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Chennai Police Commissioner R Sekar
Photograph: Sriram Selvaraj
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Chennai Police Commissioner R Sekar juggled meetings with Singapore government officials and his officers on Tuesday to speak to rediff.com The commissioner and his officers will meet with citizens groups later on Tuesday to sensitise them about a likely terror threat.
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"Due to the alert, we have 10,000 policemen on duty looking after various parts of the city," the commissioner said. "Normally, we would not have so many policemen on duty, but we have to check suspicious vehicles and lodges."
Initially, the city police will be on a high alert for 10 days. Sekar said. "After that we may need to mobilise additional resources. By tweaking shifts and allowing policemen to take rest in turns, we can maintain the alert status for months if need be."
The city police has 18,000 personnel. Sekar admitted that routine work like maintaining traffic, maintaining law and order, court proceedings and VIP security does not leave too many policemen for anti-terrorist work.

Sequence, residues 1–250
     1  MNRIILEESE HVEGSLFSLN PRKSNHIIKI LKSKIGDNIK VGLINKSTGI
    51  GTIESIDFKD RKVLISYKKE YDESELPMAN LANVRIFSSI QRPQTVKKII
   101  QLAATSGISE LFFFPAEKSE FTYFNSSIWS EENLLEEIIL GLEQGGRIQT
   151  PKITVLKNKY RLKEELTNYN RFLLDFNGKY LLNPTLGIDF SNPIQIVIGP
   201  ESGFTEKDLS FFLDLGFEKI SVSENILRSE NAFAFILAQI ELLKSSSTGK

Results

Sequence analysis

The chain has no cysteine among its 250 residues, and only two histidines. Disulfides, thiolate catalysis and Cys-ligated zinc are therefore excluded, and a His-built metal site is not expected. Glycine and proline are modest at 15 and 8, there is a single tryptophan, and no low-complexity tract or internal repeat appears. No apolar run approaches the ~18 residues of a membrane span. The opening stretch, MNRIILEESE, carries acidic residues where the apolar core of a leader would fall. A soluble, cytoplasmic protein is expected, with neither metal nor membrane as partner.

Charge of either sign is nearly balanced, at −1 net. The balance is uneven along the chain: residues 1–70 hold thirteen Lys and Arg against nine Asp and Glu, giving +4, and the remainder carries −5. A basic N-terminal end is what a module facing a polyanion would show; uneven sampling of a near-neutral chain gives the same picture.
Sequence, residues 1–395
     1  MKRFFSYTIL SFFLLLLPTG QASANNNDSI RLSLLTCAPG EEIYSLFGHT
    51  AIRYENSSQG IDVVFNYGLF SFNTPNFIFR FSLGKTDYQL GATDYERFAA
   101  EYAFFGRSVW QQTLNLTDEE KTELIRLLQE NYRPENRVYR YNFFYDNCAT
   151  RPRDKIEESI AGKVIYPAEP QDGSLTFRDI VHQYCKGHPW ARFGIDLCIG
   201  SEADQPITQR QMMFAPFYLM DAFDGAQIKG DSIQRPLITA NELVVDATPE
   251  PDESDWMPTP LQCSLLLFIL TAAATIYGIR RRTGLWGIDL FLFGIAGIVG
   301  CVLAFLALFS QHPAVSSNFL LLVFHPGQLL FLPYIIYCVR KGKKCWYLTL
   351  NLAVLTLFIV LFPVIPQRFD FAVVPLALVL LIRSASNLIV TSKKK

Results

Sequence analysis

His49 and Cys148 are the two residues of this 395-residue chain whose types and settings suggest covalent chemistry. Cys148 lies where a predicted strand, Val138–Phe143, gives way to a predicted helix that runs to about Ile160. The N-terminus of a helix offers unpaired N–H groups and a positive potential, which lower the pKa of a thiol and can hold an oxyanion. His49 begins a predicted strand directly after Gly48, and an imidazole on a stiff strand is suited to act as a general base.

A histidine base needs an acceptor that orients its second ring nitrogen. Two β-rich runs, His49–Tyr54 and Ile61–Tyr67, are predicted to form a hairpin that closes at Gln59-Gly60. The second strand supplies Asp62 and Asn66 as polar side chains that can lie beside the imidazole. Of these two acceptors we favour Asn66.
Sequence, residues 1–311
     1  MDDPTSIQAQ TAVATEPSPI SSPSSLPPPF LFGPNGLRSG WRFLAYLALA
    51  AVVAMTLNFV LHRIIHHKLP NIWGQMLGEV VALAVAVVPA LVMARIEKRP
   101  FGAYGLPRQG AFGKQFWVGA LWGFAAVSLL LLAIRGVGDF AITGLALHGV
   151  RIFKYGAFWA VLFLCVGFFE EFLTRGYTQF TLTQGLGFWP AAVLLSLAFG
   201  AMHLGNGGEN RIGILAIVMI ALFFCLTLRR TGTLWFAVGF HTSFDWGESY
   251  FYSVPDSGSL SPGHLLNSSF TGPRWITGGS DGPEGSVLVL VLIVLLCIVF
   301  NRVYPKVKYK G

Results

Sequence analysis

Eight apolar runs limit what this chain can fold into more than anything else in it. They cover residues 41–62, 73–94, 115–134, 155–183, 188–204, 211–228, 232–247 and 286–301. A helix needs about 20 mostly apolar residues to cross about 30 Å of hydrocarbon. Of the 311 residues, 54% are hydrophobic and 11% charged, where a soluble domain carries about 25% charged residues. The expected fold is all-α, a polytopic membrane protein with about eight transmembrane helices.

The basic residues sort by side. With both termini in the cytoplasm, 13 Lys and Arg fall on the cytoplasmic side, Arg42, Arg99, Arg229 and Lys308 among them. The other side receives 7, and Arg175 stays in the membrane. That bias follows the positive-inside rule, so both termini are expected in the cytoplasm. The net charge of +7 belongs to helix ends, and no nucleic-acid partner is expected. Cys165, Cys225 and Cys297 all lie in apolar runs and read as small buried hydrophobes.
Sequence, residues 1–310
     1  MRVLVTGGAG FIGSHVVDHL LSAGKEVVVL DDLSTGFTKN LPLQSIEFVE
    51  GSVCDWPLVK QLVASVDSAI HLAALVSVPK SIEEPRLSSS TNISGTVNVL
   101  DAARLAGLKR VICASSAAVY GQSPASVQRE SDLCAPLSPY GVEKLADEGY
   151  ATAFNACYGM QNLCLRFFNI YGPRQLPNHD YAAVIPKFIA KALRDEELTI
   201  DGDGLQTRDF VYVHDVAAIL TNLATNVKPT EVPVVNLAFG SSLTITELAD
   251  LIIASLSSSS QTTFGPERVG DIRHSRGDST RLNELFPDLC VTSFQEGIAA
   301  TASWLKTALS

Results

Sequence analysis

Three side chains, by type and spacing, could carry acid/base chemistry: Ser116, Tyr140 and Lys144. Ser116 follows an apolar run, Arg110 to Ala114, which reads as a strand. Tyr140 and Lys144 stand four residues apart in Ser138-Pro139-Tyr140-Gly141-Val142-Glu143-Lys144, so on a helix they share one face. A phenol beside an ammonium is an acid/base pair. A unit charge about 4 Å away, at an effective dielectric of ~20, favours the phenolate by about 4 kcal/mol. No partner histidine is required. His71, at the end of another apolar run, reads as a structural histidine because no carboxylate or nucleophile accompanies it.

Who could the terrorists be?
"We have a core group of 30 people tracking terrorists and anti-terror measures. They do not have any other duties," he said.
The first thing the police does in a high alert situation, he revealed, is to post known anti-social elements behind bars. "By doing that, we do not have to waste resources watching them. They will remain out of harm's way till the emergency situation is over."
Apart from keeping an eye on the activities of the Liberation Tigers of Tamil Eelam and Islamic terrorists, Sekar said the Chennai police also keeps an eye on possible Naxalite activity.
When asked if there was a link between the three groups, the police commissioner said, "Years ago there was a link between the LTTE and the Naxalites. We broke that nexus. Since then they have not got back together. The LTTE modules are frequently busted, but they go on and on. However, they do not indulge in terrorist activities here. It uses this country to source materials they need. We get inputs from other states and the Centre on militant activity. We have our own intelligence too. We take action accordingly."
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"We want people to be alert for out of the way objects," he said. "Like when you are in a mall, you see a tiffin box. People normally don't carry their lunch for shopping. Or you see a car parked on your street for three days. Or an unclaimed bag on the bus or train. They have to call us when in doubt."
On his meeting with the citizens groups, Sekar said, "We have called the IT people, mall and theatre owners, lodge and cyber cafe owners. We will tell them how they can cooperate with us. They all have private security guards. We will tell them what they need to do. How to do vehicle checks, how to check people and when to inform us."
"Cyber cafe owners have to be alert or later they will face embarrassing situations," the commissioner added. "Lodges too have to alert us when they feel suspicious about any person's identity."
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